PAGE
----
LCN Article
Tomorrow’s Israel

March / April 2024
Personal

Gerald E. Weston

Dear Brethren, Many of you have traveled to places you never dreamed of because you keep the Festivals of God. It may be places in your own country, or in other countries around the world. That is one of those side benefits for obeying God’s instructions. The day will come when people from all countries will travel to Jerusalem to keep the Feasts. It is not logical, due to logistics, that everyone on earth will do so every year, but to go to Jerusalem at least once in one’s lifetime will no doubt be a desire for everyone. There will be hundreds of other sites around the world for people to keep the Feasts and learn to fear the Eternal God always, just as we do today (Deuteronomy 14:23).

Over the years, God has blessed me with the opportunity to travel to many countries, and I have come to appreciate the natural beauty and resources every country offers. Some have greater resources than others, but every country has wonderful potential. And the greatest resource is the people, especially as guided and blessed by their Creator.

Have you ever considered the reward you might be given? The pattern of rewards is instructive: Christ will be King over all the earth, David will be king over Israel, the Twelve Apostles will each rule over one of the tribes of Israel, and others will be given rulership over varying numbers of cities (Zechariah 14:9; Ezekiel 37:24; Matthew 19:28; Luke 19:11–19). 

We might assume from this pyramidal pattern that some will be given a single city and report to someone over five or ten cities, and that others might have lesser positions within a single city. That, of course, is speculation. But where might these cities be that you will help govern for the King of kings? 

I imagine that most people envision ruling somewhere close to where they came from, but Christ will not leave it up to us to decide. We must be willing to go where we are sent if we want to be in His kingdom. Remember the example of Abraham, the father of the faithful, who responded to God’s command to leave his home and family and go where he had never before traveled or lived.

One place where many may not want to go is the Middle East, but do you realize that is where much of the now-scattered human house of Israel will then be living? Jeremiah tells us that both Israel and Judah will be brought back to the Promised Land when Christ returns. “‘For behold, the days are coming,’ says the Lord, ‘that I will bring back from captivity My people Israel and Judah,’ says the Lord. ‘And I will cause them to return to the land that I gave to their fathers, and they shall possess it’” (Jeremiah 30:3).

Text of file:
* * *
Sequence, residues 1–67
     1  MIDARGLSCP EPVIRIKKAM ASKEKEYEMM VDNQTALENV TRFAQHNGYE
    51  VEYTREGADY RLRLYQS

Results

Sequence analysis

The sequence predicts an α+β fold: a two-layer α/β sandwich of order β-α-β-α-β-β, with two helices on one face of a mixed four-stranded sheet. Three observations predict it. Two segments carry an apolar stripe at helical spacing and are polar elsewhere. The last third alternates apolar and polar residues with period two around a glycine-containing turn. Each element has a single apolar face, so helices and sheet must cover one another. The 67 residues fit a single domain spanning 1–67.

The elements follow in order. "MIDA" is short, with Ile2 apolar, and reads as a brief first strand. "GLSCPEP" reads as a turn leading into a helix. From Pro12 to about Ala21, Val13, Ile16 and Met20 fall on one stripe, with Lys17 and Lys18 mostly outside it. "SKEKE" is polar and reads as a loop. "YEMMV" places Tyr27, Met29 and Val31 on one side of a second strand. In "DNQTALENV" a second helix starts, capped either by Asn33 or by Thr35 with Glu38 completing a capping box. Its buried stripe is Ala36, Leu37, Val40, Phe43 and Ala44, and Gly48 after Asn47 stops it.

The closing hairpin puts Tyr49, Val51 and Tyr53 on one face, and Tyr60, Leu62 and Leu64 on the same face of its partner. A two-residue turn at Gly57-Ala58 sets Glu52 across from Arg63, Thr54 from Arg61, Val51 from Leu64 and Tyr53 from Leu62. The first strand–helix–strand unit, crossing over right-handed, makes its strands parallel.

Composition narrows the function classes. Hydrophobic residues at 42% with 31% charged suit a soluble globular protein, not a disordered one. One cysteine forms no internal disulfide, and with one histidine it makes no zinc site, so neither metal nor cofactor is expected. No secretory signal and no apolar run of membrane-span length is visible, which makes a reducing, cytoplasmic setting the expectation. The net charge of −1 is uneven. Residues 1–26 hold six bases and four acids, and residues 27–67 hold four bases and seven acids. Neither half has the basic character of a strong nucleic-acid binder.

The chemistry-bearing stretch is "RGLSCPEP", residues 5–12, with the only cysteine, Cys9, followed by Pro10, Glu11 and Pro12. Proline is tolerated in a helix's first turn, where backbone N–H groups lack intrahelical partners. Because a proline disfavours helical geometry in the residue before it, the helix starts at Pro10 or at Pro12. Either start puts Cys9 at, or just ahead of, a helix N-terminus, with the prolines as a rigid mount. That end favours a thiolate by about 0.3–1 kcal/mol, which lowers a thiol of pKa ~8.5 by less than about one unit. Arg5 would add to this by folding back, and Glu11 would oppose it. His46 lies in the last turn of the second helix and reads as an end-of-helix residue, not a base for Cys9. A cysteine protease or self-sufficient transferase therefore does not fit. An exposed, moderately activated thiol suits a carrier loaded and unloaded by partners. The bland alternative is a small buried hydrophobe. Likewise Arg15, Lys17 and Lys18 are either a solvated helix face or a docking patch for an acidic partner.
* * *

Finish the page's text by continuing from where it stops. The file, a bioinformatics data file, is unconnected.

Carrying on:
Upon reading this, some consider the populations of the Israelite nations and wonder, How will they all fit there? Even if only 10 percent survive the tribulation and Day of the Lord, that is a number in the tens of millions.

Yesterday’s Blessings 

You can fit the modern state of Israel into Great Britain seven-and-a-half times, New Zealand more than nine times, California 15 times, Italy almost 16 times, France 23 times, and Iran 59 times—even Taiwan and Vancouver Island are larger (“Israel Size Comparison Maps,” IRIS.org, accessed January 11, 2024). So, where will everyone fit?

Our vision of the Promised Land may be based on assumptions and misconceptions rather than on what God promised. “On the same day the Lord made a covenant with Abram, saying: ‘To your descendants I have given this land, from the river of Egypt to the great river, the River Euphrates’” (Genesis 15:18). The Euphrates River flows through the middle of Iraq, and this opens up far more territory than today’s tiny state of Israel. Israel’s exact border in the future is not fully known, as the description “from the Nile to the Euphrates” does not give us precise limits in every direction.